But you know what? That’s not a bad thing. It’s who we are, and though we can pretend to be those mature, sophisticated graduates, full of dignity, tradition, and grace, for an hour or two, it’s like… When people dress their pets up for Halloween. Yes, it might look like an adorable baby for the night, but in the morning it is still just a cat, and you’re still just a creepy cat lady who uses animals as poor substitutes for genuine human interaction.

    More importantly, though, dignity, tradition, and grace are awful ideals. Look back through history, and find me someone, anyone, who did something amazing without risking their dignity, their traditions, and their grace. Here, I’ll save you some time: there’s only one. James Bond. And he’s not even real!      Anything worth doing involves risk, involves putting yourself out there and facing possible rejection and ridicule. Every great scientist has been laughed at. Every great artist has been called a hack. Every great love began with two uncertain people, wondering if they should make the first move. Awkwardness is not the opposite of greatness, it is a prerequisite.

    Which is why it seems strange to focus so obsessively on these false ideals during our graduation, the moment we are told is to be the start of our adult lives. Don’t we want those lives to be exciting, to be great? If we spend them tiptoeing around inside the boundaries of dignity, tradition, and grace as we are today, they won’t be.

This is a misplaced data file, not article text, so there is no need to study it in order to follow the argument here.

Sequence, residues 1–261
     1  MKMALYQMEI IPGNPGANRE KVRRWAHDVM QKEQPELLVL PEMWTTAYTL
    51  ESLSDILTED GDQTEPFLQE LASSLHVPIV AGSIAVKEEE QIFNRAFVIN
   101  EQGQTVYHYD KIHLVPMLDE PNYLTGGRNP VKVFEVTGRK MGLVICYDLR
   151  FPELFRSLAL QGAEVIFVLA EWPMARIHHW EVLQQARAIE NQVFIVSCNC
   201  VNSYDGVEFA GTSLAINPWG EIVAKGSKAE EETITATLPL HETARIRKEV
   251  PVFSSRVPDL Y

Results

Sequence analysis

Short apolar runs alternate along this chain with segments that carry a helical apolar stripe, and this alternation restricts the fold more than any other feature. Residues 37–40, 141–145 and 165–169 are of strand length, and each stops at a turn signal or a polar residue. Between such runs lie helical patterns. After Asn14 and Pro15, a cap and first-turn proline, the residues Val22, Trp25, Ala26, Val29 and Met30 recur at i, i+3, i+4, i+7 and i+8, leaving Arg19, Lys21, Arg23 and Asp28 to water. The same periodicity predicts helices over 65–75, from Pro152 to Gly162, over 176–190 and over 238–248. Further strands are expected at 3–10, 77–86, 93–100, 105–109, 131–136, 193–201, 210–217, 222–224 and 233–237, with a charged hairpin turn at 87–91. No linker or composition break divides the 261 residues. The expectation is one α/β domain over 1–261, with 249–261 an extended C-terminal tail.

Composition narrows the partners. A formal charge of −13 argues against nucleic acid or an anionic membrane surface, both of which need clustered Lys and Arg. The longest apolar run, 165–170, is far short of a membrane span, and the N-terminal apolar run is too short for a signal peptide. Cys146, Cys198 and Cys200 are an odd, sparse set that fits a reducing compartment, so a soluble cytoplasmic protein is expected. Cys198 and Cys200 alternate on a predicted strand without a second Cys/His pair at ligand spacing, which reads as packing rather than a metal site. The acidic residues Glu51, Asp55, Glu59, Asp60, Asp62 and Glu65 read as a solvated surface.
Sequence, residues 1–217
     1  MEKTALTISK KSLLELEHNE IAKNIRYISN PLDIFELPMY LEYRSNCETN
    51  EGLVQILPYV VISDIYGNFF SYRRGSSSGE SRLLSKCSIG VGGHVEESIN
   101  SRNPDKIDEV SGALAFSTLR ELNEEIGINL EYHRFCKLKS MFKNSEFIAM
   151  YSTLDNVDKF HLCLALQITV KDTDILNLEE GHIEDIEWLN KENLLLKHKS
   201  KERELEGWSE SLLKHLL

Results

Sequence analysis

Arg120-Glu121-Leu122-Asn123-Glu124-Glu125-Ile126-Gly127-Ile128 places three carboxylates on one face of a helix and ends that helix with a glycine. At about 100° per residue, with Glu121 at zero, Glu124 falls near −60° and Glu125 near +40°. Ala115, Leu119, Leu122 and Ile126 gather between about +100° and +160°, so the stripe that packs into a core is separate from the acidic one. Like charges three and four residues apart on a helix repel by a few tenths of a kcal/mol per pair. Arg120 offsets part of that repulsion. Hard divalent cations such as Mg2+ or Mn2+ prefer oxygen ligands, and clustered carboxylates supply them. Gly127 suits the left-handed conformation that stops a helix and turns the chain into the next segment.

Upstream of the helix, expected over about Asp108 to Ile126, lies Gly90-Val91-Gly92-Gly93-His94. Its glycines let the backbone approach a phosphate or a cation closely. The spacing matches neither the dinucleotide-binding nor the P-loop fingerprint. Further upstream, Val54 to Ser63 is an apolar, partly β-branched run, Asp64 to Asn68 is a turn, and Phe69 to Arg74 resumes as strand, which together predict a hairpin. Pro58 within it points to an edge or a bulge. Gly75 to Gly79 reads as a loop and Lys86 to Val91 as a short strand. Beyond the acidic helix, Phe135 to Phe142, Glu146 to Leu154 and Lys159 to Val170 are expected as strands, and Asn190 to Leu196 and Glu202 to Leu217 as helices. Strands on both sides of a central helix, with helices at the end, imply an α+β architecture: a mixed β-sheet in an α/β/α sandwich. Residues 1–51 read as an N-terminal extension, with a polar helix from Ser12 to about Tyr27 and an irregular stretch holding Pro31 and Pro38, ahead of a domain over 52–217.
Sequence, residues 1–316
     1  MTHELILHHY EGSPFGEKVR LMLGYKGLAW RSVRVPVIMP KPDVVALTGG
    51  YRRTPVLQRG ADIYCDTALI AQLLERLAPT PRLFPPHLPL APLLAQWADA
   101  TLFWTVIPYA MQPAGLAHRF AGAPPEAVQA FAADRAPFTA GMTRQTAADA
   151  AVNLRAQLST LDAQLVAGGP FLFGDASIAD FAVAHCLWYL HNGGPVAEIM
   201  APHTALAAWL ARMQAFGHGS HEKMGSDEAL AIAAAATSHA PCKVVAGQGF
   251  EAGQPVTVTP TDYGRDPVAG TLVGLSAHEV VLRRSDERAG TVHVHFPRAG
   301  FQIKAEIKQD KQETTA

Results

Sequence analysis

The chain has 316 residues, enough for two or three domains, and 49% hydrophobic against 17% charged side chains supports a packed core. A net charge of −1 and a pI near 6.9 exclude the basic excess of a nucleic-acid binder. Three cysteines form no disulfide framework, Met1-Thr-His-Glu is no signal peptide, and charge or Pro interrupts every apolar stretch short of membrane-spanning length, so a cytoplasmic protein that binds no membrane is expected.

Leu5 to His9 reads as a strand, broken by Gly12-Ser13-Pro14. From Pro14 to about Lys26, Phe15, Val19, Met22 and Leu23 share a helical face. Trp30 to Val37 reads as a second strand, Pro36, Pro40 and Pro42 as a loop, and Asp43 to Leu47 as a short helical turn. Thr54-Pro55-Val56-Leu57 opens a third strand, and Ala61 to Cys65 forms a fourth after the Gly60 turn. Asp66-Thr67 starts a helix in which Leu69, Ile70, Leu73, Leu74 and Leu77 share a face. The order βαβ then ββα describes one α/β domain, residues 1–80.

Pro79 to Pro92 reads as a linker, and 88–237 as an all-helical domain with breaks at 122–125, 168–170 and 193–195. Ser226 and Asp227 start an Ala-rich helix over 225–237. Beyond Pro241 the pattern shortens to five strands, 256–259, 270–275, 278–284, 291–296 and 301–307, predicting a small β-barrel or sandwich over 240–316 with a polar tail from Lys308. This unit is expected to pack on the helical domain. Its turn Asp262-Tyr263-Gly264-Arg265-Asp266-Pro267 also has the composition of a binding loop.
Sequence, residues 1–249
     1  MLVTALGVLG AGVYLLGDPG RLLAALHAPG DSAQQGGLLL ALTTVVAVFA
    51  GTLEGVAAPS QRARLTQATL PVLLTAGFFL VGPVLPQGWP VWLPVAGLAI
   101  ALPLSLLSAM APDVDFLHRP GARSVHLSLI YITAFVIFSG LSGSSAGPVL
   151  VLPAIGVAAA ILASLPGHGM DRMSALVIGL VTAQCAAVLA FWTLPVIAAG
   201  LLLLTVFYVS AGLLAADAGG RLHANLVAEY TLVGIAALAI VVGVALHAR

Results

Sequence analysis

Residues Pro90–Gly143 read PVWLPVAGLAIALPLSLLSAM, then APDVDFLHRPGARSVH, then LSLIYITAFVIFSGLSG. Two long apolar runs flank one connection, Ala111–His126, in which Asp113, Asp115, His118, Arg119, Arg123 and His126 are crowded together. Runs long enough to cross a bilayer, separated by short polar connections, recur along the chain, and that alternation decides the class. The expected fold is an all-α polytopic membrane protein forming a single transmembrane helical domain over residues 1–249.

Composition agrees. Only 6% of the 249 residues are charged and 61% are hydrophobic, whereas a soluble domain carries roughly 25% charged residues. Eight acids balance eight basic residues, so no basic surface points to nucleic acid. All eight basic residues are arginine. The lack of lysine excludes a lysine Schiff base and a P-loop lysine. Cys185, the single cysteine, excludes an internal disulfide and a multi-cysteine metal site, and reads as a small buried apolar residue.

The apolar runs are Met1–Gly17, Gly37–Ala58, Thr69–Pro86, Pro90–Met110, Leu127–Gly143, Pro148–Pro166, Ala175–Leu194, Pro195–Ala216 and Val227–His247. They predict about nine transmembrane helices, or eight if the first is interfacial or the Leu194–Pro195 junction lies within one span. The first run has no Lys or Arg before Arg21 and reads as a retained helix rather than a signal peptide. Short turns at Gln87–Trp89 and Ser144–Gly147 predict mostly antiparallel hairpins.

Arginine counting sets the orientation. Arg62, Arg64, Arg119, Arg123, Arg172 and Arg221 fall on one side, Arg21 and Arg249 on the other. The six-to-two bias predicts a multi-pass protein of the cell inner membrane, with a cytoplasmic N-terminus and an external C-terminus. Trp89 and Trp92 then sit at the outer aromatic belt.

In the end, the best advice I got was from last year’s valedictorian and salutatorian, Amber Basore and Kayla Suhrie. They said, simply: “The class speaker represents the class. The salutatorian looks back on high school. The valedictorian… looks to the future.”

    So, here I am, looking to the future, and asking all of you to do something, for me. Make this hour of dignity, tradition, and grace your last. Stray from the path of mediocrity set out for you, break the single file line, cast off your ID card and burn it. Take risks. Don’t be afraid to look foolish, to make progress, to embrace awkwardness. Don’t be afraid to be a freak.”